Lower production costs
Colin Seis has reduced his production costs by 75%. He uses 70% less fertiliser on crops and hasn’t fertilised his pasture for over 30 years. Yet his soil tests show increases in major and micro plant nutrient availability.
At Hill Top Farm, we're combining Holistic Planned Grazing with silvopasture using mainly legume trees.
We see the benefits, particularly in the dry season. Our grass is more productive. The legume trees provide forage and fodder, and extra bonuses bagged fertilisers can’t supply...
Hydroponic growers, Graham and Fiona Grant have stopped spraying synthetic pesticides twice a week.
Instead they use trays of sacrificial crops in their production sheds, and are working towards maintaining populations of beneficial insects by providing suitable food plants and habitat. Organic pest controls are used as a back-up.
How do we do it?
Using a new ecological approach to regenerative agriculture
Looking closely at the science behind successful practices used by leading farmers around the world, the message for growers is actually quite simple – repair the ecological functions in your production systems. Your nutrient and water cycle, solar energy capture, and functional biodiversity to use these resources efficiently.
We then benefit from the FREE ecological services Nature provides.
Organic matter, soil carbon and biodiversity are important intermediary measures, but we need to get our agro-ecosystems ‘tuned up’ and running for these to improve!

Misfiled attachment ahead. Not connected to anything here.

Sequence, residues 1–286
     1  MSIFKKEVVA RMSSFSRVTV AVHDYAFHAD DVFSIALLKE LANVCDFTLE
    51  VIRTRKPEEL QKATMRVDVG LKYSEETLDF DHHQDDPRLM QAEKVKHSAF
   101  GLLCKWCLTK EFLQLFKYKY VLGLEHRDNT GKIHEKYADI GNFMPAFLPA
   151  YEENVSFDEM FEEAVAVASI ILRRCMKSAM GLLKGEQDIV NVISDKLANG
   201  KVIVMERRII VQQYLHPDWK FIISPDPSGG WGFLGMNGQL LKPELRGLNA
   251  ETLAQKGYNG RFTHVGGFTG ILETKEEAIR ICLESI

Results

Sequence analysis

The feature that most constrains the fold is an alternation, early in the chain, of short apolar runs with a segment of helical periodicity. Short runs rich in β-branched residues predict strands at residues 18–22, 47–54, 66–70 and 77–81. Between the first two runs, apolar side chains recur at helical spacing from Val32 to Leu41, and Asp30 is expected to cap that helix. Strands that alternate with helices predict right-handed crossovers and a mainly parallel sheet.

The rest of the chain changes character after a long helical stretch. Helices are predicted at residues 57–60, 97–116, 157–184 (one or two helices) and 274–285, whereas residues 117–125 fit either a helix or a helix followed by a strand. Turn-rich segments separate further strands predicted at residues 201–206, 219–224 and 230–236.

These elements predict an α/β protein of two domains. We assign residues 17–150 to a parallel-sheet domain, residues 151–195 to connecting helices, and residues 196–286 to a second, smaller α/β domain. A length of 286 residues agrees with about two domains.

Most soils, for example, don’t show the customary indicators of soil degradation – salinity, erosion and compaction. But are still degraded because they lack functional nutrient recycling systems and soil structures promoting root growth and healthy soil ecosystems. Working with dysfunctional soils has become the norm.
When farmers get their soil ecosystems functioning again, soil tests show increased plant nutrient availability. Farmers use less or zero inputs of fertilisers. Production costs are reduced without sacrificing yields. In fact, quite the opposite. As soil scientists Christine Jones and Elaine Ingham state, it is not that nutrients are lacking in our soil, what is lacking is the biology to make these nutrients available.
Having a reliable pathway to follow
Search for resources on regenerative farming and you mostly find a list of practices. Some may be new to you – Holistic Planned Grazing, cover crops, pasture cropping, agroforestry. Others, you will probably already be familiar with – no-till, crop rotation, composting, green manure and bio fertilisers. They are established farming methods.
This Handbook uses a different approach.
Rather than having to follow prescribed recipes or off-the-shelf solutions, you'll choose the best tools and techniques for your growing conditions and production systems by understanding the eco-logic of what you need to do.
The Handbook is easy to use, but don't be deceived by its simplicity. A lot of expertise has gone into developing it. From researchers, traditional farming practices, contemporary farmer-led innovation, and on-farm practical experience.
Leave your tractor in the shed. Give the job of making good soil structure to the experts – your soil organisms.
Save money on commercial pest controls with a team of technologically advanced, highly motivated insect and bird pest controllers.
Give soil organisms the job of managing your fertiliser regime.
Sustainably intensify your production by growing more with extra solar panels.